The papers are full of the twentieth anniversary of Tony Blair’s first election as Prime Minister on that bright, optimistic Thursday. But I haven’t seen one yet that mentions that his government gave us legal freedom to roam on common land and mapped open country in England and Wales—which, despite its limitations, was one of the most radical actions of the Labour government in 13 years.
The Ramblers had lobbied Labour politicians for access legislation since before the 1992 election (which Labour was widely expected to win). In October 1995 Tony Blair pledged ‘A Labour government will give people a right to roam’. On the Saturday after polling day we wrote to every Labour MP to remind him or her of the pledge.
And on the Sunday (4 May) I set off for Downing Street to deliver my letter to Tony Blair. I was allowed into Downing Street after I had rung Charing Cross police station for permission. I delivered the letter with a bank of photographers snapping. This photo was the one in the Morning Star.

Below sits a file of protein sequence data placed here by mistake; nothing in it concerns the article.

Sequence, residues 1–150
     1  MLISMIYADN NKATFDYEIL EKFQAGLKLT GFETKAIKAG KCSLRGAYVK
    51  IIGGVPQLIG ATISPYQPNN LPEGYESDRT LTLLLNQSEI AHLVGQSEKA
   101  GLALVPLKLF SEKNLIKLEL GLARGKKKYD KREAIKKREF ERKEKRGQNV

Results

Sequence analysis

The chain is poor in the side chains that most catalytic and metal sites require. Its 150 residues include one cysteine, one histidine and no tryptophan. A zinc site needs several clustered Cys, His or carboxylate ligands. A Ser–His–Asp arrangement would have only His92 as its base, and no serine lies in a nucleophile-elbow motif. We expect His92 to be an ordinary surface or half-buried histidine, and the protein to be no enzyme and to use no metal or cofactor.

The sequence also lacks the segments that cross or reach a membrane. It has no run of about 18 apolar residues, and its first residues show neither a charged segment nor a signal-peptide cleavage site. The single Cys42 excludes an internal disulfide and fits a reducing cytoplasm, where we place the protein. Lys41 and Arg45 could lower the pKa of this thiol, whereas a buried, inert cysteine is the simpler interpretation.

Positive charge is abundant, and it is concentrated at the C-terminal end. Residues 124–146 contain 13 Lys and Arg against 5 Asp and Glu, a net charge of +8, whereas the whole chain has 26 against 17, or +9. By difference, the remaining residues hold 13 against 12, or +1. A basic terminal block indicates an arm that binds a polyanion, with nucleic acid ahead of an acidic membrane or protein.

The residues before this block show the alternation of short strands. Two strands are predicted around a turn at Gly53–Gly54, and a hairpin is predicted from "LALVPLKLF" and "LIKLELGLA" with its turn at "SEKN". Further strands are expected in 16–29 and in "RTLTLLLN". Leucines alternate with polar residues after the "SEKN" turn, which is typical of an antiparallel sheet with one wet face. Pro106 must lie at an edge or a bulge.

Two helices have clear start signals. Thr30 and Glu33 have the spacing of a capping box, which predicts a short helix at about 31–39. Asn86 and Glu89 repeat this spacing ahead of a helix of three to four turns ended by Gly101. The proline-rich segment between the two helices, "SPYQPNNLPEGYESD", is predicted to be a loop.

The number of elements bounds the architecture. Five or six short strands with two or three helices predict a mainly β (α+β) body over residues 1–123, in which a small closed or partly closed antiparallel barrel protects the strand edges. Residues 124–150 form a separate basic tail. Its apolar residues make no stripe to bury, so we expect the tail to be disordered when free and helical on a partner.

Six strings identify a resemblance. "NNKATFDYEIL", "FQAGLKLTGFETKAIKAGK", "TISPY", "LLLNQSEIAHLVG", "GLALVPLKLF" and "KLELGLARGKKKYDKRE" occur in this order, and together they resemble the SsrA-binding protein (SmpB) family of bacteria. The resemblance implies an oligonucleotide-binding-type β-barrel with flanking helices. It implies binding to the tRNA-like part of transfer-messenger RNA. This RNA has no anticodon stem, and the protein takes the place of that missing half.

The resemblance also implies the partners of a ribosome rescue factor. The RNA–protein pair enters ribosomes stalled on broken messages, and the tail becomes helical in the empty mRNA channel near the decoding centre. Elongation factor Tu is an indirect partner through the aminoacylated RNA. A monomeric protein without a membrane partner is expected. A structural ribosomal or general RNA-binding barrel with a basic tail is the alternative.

On Tuesday 6 May I joined Labour MPs Paddy Tipping (Sherwood, Nottinghamshire) and Helen Jackson (Sheffield Hillsborough) with Ramblers’ vice-president Mike Harding and a host of walkers at Bar Dyke on the eastern side of the Peak District National Park. This was another reminder of its promise: as we looked longingly over Broomhead Moor, forbidden land which has since been opened to walkers.
The following day the 418-strong Parliamentary Labour Party had its first meeting. Bill Michie, MP for Sheffield Heeley, pressed Blair on access legislation; his MPs were watching him.
This was the final stage in the campaign for what became the Countryside and Rights of Way Act. It took another three years because Tony Blair would have preferred a system based on the ‘goodwill’ of landowners. Fortunately his environment ministers, especially Michael Meacher, were keen.
Labour should never forget that it gave us the nearest thing to the right to roam in England and Wales—but that there is still much for it to do.